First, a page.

Independent review by Peter Hayward from Driving Force
- Affordable to run
- Well-equipped as standard
- Uncomfortable over some surfaces
- Body leans around corners
- Rivals are more eye-catching
What's the Vauxhall Crossland X like?
And like the vast majority of other 4x4 lookalikes, it’s only available with front-wheel drive - so despite that raised suspension it's not capable of much off-road.
The Crossland X makes a very good family holdall for four or occasionally five, with some models having adjustable rear legroom at the expense of some boot space.
Practicality and Driving Experience
It’s taller than a standard hatch of course, giving a good view all around on the move, and making it easier for many people to get in and out.
But it must be said that it also leans a good deal in the corners, which, combined with that high driving position, can be rather disconcerting until you get used to it.
Despite the roll, which does not instil confidence, it handles safely and well through a series of corners, with informative steering and plenty of grip.
The ride is good much of the time, but it does feel many of the imperfections in the road surface – something we are plagued with wherever we drive these days.
Start/stop is standard to save fuel and reduce emissions, but I had to turn it off on one trip in traffic, because it let me down by failing to start again quickly enough.
There are three engine sizes to choose from with seven different power outputs, and the more powerful units are only available at upper trim levels.
The base petrol unit is the well-known 1.2-litre 3-cylinder with 82bhp, but this is hardly enough to haul it around, giving slow acceleration but good economy of 55mpg.
Then there are two turbocharged versions of the same engine with 110bhp and 130bhp respectively, each of which is similarly economical - as long as you keep your foot off the accelerator.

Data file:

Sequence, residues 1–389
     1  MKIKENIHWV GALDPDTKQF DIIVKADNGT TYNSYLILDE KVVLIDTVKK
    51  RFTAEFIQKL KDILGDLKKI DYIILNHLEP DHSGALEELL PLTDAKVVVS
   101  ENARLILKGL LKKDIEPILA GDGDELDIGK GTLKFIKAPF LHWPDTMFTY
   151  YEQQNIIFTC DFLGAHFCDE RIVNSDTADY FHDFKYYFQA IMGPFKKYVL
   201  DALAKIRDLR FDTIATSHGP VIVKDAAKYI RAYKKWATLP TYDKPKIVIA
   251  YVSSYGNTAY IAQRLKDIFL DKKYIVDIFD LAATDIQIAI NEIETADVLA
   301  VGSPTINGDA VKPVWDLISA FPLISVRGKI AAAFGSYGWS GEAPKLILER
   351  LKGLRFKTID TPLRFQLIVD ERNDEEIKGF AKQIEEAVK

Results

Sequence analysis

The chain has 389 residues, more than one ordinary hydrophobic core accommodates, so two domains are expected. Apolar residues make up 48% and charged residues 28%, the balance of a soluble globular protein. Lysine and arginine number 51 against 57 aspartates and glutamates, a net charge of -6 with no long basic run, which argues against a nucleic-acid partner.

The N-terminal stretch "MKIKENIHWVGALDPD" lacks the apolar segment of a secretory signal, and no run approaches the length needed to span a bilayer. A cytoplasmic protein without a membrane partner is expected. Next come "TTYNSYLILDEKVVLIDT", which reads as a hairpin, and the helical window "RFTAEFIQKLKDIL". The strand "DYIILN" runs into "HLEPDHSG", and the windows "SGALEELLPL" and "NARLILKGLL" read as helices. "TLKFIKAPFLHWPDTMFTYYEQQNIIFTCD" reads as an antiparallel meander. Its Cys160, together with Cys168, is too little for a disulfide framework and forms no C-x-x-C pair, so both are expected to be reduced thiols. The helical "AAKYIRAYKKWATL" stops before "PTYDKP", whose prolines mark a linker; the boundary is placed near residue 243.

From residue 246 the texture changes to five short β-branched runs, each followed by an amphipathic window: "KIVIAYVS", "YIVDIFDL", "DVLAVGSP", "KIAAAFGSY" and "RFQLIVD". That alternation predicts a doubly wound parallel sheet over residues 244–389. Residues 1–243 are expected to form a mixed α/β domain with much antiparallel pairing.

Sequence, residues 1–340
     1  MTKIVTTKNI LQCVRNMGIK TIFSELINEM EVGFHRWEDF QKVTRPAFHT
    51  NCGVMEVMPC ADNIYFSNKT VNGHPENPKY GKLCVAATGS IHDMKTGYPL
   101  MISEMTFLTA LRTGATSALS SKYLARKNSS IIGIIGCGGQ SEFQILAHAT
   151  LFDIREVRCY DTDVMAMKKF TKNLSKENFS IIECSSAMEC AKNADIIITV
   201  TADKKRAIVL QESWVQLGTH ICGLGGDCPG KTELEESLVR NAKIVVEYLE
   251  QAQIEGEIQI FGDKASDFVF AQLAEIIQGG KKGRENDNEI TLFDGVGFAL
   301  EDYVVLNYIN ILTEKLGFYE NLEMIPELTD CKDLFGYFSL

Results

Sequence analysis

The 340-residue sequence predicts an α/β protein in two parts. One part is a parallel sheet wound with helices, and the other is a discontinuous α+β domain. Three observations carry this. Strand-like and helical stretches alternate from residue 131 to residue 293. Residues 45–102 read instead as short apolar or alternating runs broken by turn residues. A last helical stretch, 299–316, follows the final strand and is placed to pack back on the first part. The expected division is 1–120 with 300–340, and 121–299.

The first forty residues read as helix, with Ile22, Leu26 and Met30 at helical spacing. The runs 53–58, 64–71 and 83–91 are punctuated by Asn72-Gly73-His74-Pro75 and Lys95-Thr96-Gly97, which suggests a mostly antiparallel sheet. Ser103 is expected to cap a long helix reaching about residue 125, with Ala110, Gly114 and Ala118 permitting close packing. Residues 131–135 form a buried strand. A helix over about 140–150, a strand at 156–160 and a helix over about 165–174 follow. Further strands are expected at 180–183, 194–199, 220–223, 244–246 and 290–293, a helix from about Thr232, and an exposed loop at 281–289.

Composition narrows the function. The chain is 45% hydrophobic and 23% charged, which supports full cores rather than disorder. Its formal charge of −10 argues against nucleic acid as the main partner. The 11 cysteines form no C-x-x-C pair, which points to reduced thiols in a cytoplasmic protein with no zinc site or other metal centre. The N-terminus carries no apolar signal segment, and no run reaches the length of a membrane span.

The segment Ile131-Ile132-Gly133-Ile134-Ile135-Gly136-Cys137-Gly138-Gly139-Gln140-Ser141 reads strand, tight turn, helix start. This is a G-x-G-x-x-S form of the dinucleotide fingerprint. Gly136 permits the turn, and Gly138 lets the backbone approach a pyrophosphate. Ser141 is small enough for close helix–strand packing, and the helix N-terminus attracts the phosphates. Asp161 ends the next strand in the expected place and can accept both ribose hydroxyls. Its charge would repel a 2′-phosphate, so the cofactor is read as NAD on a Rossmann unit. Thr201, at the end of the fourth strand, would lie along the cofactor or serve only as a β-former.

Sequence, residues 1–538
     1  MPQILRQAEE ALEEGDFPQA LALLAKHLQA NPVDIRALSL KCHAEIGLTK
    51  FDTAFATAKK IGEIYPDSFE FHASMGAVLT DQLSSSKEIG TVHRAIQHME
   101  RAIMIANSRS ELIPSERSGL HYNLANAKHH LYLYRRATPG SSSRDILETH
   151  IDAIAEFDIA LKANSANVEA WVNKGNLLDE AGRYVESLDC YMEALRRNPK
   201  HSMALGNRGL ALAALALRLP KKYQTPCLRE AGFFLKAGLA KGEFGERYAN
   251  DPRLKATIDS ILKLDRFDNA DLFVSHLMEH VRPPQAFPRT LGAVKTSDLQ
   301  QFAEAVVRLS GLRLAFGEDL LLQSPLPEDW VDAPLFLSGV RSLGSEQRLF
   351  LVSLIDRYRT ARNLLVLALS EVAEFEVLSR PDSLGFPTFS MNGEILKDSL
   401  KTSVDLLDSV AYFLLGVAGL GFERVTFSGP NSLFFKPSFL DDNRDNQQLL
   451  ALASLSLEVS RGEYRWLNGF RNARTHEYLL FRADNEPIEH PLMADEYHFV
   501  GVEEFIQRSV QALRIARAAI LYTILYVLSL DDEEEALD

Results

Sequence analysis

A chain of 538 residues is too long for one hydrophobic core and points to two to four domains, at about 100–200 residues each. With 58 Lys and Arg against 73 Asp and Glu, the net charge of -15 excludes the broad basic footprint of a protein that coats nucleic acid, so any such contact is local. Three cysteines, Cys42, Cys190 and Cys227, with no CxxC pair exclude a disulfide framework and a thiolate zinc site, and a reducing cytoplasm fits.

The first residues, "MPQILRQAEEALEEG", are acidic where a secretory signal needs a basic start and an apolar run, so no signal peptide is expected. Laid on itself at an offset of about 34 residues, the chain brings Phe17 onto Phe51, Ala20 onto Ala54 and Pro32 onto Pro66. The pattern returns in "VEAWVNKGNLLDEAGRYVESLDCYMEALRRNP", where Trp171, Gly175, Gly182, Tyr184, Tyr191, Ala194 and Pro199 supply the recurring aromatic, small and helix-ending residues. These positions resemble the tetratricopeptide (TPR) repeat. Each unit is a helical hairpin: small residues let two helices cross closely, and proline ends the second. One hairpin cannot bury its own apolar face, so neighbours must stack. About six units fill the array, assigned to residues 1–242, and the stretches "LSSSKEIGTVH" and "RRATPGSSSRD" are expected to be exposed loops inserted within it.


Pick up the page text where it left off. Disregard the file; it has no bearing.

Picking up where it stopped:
The 110bhp reaches 60mph in a decent 10.3 seconds, while the 130bhp brings that down to a quick 8.8 seconds.
On the diesel front, there have been 1.6-litre and later 1.5-litre power units. The lower-powered 1.6-litre has 100bhp and is rated at an excellent 78mpg. It takes 11.6 seconds to get to 60mph, while the 120bhp version takes 9.6 seconds and can do 59mpg.
The later 1.5-litre choices are 102bhp, or 120bhp with a standard automatic gearbox. The 102bhp sprint takes 11.3 seconds while the 120bhp brings that down to 9.6 seconds, and economy is 70mpg or 59mpg respectively.
The most popular engine you’re likely to find in a used Crossland X is the best-selling 1.2-litre with 110bhp.
The 3-cylinder is smooth and quiet at almost all speeds, and full of verve in answer to a prod of the right foot.
It picks up beautifully from low revs in the bottom five gears, but is sixth gear, tends to rumble a little if asked for power too low down.
Latterly there were just five well-equipped trim levels - Griffin, Business Edition Nav, Elite, SRI Nav, and Elite Nav.
Even the lowest Griffin comes with a 7-inch colour touchscreen, Bluetooth, DAB radio, Apple CarPlay and Android Auto, air conditioning, and cruise control.
Business Edition Nav adds a wider 8-inch touch screen, voice control, sat nav, and two USB ports, while Elite includes special alloys, ambient interior lighting, parking sensors, alarm and a multi-level boot floor.
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Find your Vauxhall Crossland X your way with CarStore
Ideal for families, the reliable Vauxhall Crossland X boasts an array of safety features and equipment, so you'll never be in for a dull drive. When getting behind the wheel, drivers can enjoy the high driving position of the Crossland X while still being able to navigate those tricky city streets, thanks to its compact size and informative steering.
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